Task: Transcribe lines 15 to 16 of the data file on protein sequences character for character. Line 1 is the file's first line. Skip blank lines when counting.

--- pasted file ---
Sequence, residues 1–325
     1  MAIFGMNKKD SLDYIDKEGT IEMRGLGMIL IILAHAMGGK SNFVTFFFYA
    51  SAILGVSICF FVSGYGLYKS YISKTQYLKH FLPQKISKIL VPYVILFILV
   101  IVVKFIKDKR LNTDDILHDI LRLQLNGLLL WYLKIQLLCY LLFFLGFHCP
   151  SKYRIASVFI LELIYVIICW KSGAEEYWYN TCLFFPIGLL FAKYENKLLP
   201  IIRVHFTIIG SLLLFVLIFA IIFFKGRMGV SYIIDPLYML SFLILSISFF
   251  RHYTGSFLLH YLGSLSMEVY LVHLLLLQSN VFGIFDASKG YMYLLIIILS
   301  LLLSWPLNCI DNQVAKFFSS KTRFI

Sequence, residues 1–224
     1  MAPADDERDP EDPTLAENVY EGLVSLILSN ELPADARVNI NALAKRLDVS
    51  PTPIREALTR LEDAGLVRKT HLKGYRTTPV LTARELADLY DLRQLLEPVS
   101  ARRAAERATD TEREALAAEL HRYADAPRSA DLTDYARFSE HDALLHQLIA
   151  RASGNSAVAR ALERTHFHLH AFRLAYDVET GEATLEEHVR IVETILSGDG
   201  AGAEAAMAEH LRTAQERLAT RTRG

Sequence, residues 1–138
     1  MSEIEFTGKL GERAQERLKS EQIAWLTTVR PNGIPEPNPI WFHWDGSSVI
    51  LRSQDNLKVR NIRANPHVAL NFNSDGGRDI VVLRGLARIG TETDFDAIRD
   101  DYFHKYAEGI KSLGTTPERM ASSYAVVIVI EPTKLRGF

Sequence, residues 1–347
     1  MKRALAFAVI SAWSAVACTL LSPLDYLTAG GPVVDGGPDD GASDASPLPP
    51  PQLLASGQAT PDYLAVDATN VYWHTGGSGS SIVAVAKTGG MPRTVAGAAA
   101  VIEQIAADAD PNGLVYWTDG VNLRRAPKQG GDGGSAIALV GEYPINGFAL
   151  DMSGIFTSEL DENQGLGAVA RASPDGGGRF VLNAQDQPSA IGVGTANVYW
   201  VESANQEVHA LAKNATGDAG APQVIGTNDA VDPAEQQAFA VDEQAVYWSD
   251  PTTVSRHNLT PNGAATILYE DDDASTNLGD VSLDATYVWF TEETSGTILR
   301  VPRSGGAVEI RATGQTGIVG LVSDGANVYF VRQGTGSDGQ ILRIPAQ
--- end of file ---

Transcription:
Sequence, residues 1–138
     1  MSEIEFTGKL GERAQERLKS EQIAWLTTVR PNGIPEPNPI WFHWDGSSVI